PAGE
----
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Shona language resources

Shona is spoken on a daily basis in: Mozambique, Zimbabwe Shona--> --> --> -->

Additional background on Shona

Shona (or ChiShona) is a native language of Zimbabwe; the term is also used to identify those Kintu speaking peoples in Southern Africa who speak one of the Shona languages. Shona proper is an official language of Zimbabwe, along with Ndebele and English. Numbering about 6,225,000 (SIL 1989), Shona speakers comprise more than 80% of Zimbabwe's population. Shona is also spoken by a substantial number of residents of Mozambique. Other countries that host Shona language speakers are Zambia and Botswana. The total number of Shona speakers is at least 7,000,000 (UBS 1990).

Shona is a written standard language with an orthography and grammar that was codified during the early 20th century and fixed in the 1950s. The first novel in Shona, Solomon Mutswairo's Feso, was published in 1957. It is taught in the schools but is not the general medium of instruction in other subjects. It has a literature and is described through monolingual and bilingual dictionaries (chiefly Shona - English). Modern Shona is based on the dialect spoken by the Karanga people of Masvingo Province, the region around Great Zimbabwe, and Zezuru people of central and northern Zimbabwe. However, all Shona dialects are officially considered to be of equal significance and are taught in local schools.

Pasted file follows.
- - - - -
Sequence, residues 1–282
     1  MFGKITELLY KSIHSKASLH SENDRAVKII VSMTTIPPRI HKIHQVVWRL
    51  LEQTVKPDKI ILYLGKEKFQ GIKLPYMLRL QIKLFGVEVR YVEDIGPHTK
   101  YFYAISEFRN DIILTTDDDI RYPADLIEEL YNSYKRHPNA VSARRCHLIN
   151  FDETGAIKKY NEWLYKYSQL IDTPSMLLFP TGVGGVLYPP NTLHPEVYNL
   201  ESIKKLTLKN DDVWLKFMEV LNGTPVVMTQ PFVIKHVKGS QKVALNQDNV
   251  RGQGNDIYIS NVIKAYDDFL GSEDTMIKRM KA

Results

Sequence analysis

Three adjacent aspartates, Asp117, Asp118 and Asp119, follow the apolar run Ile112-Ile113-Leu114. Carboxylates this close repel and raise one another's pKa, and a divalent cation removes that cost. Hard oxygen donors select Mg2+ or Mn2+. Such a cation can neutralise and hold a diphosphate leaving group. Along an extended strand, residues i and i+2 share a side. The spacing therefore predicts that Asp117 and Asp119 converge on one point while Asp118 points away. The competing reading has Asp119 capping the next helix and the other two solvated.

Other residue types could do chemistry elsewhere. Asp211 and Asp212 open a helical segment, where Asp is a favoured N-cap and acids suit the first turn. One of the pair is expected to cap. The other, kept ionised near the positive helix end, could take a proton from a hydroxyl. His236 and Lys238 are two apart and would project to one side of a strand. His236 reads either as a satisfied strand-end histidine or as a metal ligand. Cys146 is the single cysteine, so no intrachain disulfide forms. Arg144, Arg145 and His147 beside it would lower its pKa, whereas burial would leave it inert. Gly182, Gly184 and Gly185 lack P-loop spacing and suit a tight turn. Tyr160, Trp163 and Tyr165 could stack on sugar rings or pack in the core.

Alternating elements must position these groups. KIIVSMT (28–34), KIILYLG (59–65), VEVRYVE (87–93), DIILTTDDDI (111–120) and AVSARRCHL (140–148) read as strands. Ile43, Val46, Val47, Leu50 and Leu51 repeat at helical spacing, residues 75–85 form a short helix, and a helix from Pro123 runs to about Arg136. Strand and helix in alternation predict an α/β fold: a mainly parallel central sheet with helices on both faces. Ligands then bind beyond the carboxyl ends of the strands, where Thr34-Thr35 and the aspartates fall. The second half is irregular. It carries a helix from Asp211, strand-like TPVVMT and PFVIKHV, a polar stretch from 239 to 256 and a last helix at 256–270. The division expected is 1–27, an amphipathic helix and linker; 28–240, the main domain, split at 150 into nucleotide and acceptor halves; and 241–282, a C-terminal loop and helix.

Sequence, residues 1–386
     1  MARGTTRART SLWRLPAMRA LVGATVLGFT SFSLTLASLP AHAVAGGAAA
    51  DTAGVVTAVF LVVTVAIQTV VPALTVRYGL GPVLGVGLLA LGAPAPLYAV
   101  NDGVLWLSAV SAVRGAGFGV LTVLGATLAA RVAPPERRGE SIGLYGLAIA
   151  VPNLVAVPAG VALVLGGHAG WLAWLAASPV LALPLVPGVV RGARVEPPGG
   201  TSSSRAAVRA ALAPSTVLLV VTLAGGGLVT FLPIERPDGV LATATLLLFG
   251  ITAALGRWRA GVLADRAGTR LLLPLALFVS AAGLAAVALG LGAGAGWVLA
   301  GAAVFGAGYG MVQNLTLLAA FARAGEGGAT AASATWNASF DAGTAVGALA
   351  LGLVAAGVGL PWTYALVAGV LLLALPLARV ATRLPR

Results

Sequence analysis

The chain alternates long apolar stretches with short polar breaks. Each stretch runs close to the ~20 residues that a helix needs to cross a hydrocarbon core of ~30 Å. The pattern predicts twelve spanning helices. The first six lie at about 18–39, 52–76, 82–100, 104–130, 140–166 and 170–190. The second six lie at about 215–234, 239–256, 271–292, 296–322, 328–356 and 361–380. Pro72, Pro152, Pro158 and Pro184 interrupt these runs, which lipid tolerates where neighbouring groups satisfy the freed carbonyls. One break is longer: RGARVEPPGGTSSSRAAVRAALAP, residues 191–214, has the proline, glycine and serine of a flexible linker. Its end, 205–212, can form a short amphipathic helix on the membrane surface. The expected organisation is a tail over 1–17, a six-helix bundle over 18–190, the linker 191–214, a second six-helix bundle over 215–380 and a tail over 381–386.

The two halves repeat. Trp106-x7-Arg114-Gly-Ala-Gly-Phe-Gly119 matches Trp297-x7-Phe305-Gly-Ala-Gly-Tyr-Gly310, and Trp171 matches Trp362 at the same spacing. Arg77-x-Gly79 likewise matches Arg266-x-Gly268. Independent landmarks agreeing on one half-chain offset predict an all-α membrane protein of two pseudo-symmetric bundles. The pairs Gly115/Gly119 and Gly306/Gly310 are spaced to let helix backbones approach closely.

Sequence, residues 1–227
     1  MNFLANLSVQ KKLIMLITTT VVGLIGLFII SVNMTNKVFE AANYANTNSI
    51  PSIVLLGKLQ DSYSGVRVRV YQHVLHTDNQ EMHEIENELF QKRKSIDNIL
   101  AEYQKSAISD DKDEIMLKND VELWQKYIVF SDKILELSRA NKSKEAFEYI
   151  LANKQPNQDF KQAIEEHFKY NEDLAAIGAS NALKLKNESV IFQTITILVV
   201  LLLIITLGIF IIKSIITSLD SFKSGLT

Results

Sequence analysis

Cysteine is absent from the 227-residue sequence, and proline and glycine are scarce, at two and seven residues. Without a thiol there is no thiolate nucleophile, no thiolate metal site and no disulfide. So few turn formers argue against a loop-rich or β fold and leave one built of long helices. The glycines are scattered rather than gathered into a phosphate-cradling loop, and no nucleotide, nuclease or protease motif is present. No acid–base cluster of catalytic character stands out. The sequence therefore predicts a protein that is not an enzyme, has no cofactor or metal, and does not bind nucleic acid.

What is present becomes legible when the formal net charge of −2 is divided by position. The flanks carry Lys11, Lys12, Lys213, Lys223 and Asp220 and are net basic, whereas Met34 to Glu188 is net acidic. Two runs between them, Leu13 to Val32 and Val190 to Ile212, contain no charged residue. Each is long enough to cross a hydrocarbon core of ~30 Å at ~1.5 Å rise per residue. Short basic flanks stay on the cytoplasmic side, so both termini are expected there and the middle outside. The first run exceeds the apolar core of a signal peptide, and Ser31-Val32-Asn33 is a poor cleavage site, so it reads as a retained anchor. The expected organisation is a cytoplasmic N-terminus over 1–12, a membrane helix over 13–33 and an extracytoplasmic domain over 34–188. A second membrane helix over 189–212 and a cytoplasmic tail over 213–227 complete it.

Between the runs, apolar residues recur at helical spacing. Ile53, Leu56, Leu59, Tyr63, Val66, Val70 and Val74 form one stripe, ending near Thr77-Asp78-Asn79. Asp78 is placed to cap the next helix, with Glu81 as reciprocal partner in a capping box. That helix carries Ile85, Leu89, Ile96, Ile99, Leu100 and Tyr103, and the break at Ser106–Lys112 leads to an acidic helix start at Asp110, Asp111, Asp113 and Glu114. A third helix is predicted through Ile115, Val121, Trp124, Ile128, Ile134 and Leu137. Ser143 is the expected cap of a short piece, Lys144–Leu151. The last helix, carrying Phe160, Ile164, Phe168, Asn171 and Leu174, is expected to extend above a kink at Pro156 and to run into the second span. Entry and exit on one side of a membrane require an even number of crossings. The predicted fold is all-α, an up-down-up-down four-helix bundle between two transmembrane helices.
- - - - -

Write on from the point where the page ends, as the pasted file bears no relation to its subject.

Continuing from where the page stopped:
Shona is a member of the large family of Bantu languages. In Guthrie's zonal classification of Bantu languages, zone S10 designates a dialect continuum of closely related varieties, including Shona proper, Manyika, Nambya, and Ndau, spoken in Zimbabwe and central Mozambique; Tawara and Tewe, found in Mozambique; and Ikalanga of Botswana.

Shona speakers most likely moved into present day Zimbabwe during the great Bantu expansion.

Shona has five vowels: a, e, i, o, u and has a rich consonant inventory, whose peculiarity probably features with "whistling sounds" transcribed as "zv", possibly one of the most frequent (id.e. zvakanaka, very well), "dzv", "sv" and "tsv" . It is a tonal language - tone being left out of the spelling.


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